London, 1896. Madame Tussauds opens to find one of its nightwatchmen decapitated and his colleague nowhere to be found. To the police, the case seems simple: one killed the other and fled, but workers at the museum aren’t convinced. Although forbidden contact by his superior officer, Scotland Yard detective John Feather secretly enlists ‘The Museum Detectives’ Daniel Wilson and Abigail Fenton to aid the police investigation.
When the body of the missing nightwatchman is discovered encased within a wax figure, the case suddenly becomes more complex. With questions over rival museums, the dead men’s pasts and a series of bank raids plaguing the city, Wilson and Fenton face their most intriguing and dangerous case yet.
Murder at Madame Tussauds is the first of Jim Eldridge’s Museum Detective series, but it won’t be the last.
This is a very evocative portrayal of late Victorian London, complete with Hansoms and fog, and a terrible crime that needs solving.
A thoroughly enjoyable read with a fantastic conclusion.
Thank you to the publisher and Netgalley for my review copy. I’ll be hunting down the earlier books in the series now.
“August 1940. On the streets of London, locals watch with growing concern as German fighter planes plague the city’s skyline. But inside the famous Ritz Hotel, the cream of society continues to enjoy all the glamour and comfort that money can buy during wartime – until an anonymous man is discovered with his throat slashed open.
Detective Chief Inspector Coburg is called in to investigate, no stranger himself to the haunts of the upper echelons of society, ably assisted by his trusty colleague, Sergeant Lampson. Yet they soon face a number of obstacles. With the crime committed in rooms in use by an exiled king and his retinue, there are those who fear diplomatic repercussions and would rather the case be forgotten. With mounting pressure from various Intelligence agencies, rival political factions and gang warfare brewing either side of the Thames, Coburg and Lampson must untangle a web of deception if they are to solve the case – and survive.”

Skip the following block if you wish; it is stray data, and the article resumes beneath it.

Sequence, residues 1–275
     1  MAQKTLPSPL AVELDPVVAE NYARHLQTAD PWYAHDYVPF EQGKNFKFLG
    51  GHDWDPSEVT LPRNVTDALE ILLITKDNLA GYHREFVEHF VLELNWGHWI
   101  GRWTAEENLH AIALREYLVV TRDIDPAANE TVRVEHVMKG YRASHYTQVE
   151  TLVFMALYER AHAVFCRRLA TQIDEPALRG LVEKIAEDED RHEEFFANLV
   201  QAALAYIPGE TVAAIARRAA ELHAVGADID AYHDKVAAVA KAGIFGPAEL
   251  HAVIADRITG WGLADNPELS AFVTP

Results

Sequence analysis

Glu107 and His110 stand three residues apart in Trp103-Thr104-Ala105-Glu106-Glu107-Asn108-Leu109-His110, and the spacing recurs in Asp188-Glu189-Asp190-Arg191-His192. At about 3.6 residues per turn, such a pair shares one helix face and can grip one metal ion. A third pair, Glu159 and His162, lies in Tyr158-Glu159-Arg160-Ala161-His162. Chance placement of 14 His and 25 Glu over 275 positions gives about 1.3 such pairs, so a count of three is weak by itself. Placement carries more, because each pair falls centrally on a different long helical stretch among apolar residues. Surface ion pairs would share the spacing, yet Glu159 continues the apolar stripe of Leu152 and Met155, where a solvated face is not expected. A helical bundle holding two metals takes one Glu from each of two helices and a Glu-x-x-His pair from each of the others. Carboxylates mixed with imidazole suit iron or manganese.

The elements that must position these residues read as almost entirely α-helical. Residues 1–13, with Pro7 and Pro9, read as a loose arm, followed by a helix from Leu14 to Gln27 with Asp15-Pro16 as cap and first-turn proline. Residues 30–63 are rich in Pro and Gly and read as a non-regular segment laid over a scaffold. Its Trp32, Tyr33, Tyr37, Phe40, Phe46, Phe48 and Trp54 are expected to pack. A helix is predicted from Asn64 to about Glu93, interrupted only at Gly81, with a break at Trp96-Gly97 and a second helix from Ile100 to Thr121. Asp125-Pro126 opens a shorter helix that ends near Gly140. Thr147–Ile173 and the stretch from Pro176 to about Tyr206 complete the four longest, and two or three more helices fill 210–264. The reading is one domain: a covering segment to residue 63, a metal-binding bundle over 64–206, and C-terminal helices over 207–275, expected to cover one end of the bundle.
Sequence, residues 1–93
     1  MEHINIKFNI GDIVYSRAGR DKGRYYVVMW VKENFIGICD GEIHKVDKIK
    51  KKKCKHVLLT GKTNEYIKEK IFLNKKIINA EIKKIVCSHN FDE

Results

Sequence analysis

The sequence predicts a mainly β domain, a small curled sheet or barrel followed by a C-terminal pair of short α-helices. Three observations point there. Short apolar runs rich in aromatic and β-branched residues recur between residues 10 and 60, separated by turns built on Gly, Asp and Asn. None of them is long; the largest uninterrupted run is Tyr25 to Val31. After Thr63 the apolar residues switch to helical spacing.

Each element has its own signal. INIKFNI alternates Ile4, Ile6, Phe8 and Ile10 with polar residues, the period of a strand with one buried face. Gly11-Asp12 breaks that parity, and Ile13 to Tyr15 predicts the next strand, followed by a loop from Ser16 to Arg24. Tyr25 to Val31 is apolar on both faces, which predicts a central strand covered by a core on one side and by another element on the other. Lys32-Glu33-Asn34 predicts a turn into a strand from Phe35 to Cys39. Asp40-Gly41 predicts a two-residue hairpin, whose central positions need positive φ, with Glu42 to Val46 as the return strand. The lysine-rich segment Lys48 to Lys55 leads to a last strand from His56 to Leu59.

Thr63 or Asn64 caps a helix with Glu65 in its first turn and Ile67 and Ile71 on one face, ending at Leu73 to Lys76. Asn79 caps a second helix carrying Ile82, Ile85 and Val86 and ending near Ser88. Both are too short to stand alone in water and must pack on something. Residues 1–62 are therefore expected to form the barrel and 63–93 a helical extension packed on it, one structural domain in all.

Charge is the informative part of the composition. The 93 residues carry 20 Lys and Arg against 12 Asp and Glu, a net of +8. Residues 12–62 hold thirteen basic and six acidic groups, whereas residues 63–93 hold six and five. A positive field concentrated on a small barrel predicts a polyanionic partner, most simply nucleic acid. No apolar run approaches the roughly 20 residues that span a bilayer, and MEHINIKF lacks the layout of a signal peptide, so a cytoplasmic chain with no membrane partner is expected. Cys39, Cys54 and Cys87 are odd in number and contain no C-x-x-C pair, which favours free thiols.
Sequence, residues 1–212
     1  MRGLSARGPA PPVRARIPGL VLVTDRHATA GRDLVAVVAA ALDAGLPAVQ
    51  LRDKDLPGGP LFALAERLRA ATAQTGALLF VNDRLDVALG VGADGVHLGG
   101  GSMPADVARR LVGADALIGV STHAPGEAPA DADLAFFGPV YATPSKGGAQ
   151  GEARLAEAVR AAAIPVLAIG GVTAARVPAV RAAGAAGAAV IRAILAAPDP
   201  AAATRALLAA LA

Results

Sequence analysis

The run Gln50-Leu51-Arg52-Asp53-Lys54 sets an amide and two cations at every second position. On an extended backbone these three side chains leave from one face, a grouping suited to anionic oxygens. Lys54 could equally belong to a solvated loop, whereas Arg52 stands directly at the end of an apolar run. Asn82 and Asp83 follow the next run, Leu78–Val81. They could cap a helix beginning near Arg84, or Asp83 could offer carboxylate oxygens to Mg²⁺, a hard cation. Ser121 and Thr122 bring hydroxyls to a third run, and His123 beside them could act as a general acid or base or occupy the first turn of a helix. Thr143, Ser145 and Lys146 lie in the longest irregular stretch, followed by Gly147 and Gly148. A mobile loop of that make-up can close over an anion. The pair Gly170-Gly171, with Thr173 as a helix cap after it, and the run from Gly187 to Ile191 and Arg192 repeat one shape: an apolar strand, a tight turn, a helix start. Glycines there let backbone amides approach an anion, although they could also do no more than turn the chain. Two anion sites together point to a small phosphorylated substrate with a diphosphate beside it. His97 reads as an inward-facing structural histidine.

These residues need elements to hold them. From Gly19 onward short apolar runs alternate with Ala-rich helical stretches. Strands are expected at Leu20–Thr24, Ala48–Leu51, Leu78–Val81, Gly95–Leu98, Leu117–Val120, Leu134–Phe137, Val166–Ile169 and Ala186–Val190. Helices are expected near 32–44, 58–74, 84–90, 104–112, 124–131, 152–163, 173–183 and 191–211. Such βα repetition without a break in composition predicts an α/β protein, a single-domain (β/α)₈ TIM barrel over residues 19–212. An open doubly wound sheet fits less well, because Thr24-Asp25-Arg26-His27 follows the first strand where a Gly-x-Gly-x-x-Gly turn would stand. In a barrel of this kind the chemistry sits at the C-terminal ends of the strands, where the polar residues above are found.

Murder at the Ritz is the first book I’ve read by Jim Eldridge, but it won’t be the last.
This was a thoroughly enjoyable 1940s murder-mystery with enough red herrings to keep the reader guessing throughout the story. I loved the way the author embedded the story into the events of the time, with the threat of air bombs, and the tragedies they brought. The book felt quite claustrophobic in places, with the threat of the German invasion never far away.
The story felt very complete, and well researched – the gangsters, the British Fascist party, MI5, MI6, the Foreign Office, and that’s even without the events at the Ritz, and the murder!
Highly recommended. Thank you to the publisher and Netgalley for my review copy.
Murder at the Ritz is available now in ebook and hardback from here.